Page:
Marrying help to a good work ethic is key to success at one of Sofia’s leading NGOs for deprived youngsters

Stela Gachevska and Dilyana Gyurova, the current executive directors of Concordia.

When I last visited the Concordia Foundation* in 2010 the atmosphere was one of fragile hopes and dashed dreams. Government funding was non-existent, the building was dark and decaying and many of the “residents” were delinquent street kids for whom “living on the edge” was a stubborn life choice.  Even the area, a run-down industrial zone of Sofia, seemed dangerous and threatening.

Photographs of the fallen – mostly haunted, emaciated, hollow-eyed adolescents cut down by drugs – stared out from behind flickering candles in the chapel.  I came away touched by the dedication of Concordia’s then Austrian director, Father Markus Inama (now an Executive Board member) but I was aware that there was a mountain to climb.

Having fun is the best antidote to deprivation

Seven years on and the building has been seriously revamped, there’s a large restaurant that would do any institution proud, the workshops are buzzing and even the surrounding area seems spruced up. Attitudes to Concordia have also improved markedly. A few years back, according to Dilyana Gyurova, the current joint head and executive director along with Stela Gachevska, there was still scepticism about any organisation that contained the word “foundation”. Many believed it to be a money laundering enterprise or some nepotistic, government-affiliated scam.

In the summer of 2017 the foundation scored a major victory, one that surprised Dilyana herself. “We managed to secure some government money. We finally made it! We now have one of our day care centres funded through Sofia Municipality.” (To his credit, current Prime Minister Boiko Borissov did visit the home and tried to support it when he was Sofia mayor.)

Today, unlike in 2010, drug users are sent elsewhere, Concordia’s social workers having concluded that addiction was simply beyond their remit. A key aim now is to cultivate a healthy work ethic among its residents. Clothes and household items are purchased via a points’ scheme. Products made at Concordia for onward sale include colourful candles that have proved popular with major businesses, especially as Christmas presents because their company logos can be etched on them.

Dilyana in the candle workshop at Concordia

Permanent institutional care is in the past, explains Dilyana. Concordia aims to promote independence.  Part of its mission statement is to accompany “children and adolescents into a self-determined life”. To that end they provide temporary shelter to young adults, aged between 18 and 35, for up to three months, and the possibility of a so-called supervised apartment for between six and eight months. If they stay longer the residents have to fulfil certain criteria.

Young adults, all of whom stay at Concordia voluntarily, are now the main focus of the team’s work but children’s needs are not neglected. Children used to stay in rooms at the Sofia base but this is gradually being phased out; this November they will be permanently relocated to a home in the small town of Bozhurishte, near Sofia.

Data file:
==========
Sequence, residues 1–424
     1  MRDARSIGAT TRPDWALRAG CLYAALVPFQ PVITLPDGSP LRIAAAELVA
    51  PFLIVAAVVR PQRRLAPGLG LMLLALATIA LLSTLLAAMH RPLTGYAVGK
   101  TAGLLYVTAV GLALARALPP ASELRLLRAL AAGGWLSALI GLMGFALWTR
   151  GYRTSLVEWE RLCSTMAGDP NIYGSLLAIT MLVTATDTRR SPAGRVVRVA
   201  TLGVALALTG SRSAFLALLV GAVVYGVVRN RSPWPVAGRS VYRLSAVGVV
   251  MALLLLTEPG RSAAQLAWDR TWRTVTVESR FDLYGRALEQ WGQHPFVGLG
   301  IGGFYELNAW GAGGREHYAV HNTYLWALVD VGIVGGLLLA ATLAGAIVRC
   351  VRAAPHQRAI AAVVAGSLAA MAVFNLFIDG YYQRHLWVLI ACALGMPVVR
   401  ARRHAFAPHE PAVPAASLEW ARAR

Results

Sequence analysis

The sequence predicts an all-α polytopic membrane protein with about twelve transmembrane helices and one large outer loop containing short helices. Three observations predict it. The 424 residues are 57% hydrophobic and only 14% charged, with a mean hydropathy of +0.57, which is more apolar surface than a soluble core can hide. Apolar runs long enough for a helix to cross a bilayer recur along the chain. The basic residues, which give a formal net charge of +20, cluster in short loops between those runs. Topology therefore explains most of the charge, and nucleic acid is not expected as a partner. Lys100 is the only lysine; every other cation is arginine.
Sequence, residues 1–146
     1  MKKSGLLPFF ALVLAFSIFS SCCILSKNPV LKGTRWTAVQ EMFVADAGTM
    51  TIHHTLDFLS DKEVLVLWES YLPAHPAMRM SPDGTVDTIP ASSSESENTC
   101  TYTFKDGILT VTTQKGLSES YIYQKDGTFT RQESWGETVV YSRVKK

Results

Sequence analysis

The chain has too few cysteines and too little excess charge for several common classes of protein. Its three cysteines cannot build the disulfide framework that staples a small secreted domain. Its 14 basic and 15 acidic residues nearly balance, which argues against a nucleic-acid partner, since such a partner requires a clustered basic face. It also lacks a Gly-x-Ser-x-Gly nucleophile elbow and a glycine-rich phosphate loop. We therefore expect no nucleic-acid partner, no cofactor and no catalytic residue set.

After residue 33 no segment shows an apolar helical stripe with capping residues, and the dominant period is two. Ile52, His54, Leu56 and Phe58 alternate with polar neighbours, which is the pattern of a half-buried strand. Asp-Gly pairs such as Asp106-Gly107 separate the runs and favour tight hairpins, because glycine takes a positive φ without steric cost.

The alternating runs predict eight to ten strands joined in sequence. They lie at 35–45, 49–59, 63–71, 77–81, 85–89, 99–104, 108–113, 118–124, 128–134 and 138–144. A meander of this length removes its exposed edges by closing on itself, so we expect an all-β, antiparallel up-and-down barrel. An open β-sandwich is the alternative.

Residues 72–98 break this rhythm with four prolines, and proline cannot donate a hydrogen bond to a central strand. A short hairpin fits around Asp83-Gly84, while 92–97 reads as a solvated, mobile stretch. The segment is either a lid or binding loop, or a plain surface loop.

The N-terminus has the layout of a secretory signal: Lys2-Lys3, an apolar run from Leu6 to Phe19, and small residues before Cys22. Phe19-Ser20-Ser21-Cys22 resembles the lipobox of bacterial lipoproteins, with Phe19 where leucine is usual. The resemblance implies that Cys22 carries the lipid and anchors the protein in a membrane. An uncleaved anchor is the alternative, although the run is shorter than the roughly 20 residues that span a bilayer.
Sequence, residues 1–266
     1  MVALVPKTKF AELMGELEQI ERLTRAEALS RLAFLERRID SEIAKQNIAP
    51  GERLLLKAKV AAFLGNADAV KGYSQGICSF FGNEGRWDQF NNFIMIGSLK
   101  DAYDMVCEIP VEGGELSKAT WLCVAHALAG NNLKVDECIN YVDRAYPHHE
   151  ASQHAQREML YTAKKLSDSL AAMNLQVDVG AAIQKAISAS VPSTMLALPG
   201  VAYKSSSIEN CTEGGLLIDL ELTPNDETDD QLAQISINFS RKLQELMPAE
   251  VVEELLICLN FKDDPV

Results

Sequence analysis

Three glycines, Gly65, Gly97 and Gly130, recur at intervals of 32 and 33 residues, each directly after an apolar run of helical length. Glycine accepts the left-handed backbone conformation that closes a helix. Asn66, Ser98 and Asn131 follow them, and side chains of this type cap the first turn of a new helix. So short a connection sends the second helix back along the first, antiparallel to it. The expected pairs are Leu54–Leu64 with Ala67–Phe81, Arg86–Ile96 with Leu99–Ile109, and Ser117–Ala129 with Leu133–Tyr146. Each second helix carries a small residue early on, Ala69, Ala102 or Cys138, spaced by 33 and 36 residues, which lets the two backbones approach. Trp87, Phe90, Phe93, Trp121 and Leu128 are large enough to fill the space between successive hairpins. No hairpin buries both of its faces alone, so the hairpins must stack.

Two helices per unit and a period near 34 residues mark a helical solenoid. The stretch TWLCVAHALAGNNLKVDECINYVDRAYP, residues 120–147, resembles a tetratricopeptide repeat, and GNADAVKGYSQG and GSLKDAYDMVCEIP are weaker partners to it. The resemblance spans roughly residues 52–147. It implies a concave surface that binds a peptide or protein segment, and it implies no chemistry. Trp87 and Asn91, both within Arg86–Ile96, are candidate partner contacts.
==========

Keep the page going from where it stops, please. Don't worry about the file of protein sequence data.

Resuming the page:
Football has proved to be one of the most popular group activities

One of Concordia’s most popular initiatives was the establishment of a football team in 2015. “Now it’s a registered football club. Among our players are unaccompanied minors from refugee camps. Football has proved a strong tool for social integration, our most successful tool, in fact,” Dilyana told me.

Ninety five per cent of those who pass through Concordia’s doors are Roma. The organisation definitely does not define itself as a Roma help group. It is – in a sense – an “incidental” statistic but it would be silly to deny that the Roma are the most disadvantaged group in Bulgaria. Illiteracy, poverty, truancy, vagrancy, underage pregnancy, child prostitution and drug use (a cheap marijuana-like substitute being the substance of choice) are all more prevalent in their marginalised community.

Education, according to Dilyana, is pivotal to reversing the trend. It’s difficult to persuade parents who can’t read or write themselves that their children should attend school; they could be begging instead. To counter this the home offers an after-school programme whereby teachers visit Concordia to help children with their homework. Apart from organised football tournaments there are many trips to parks and camps.

The canteen would do any institution proud

Of course, looking after children, some of whom have been irrevocably traumatised, is more than about material need, or even comradeship. Emotional needs are also paramount. Staff care deeply for the children but Dilyana makes clear that parameters have to be established. “We have psychologists on our team and they do individual work with the children.  But we’re definitely strict about borders. You won’t see someone from one of our teams bringing children home. The focus is on the professional side. As with teachers, in pre-school or in the first stages of education, there are different opinions about where to draw the line. Emotional needs are essential but so too are professional borders. I can’t say we have arrived at a definitive solution.” The situation regarding children at Concordia is complex. Everything is highly regulated and controlled by different authorities, especially the Stage Agency for Social Support.

Many Bulgarians still have a jaundiced view of Roma, believing they get something for nothing. The reality, Dilyana tells me, is rather different.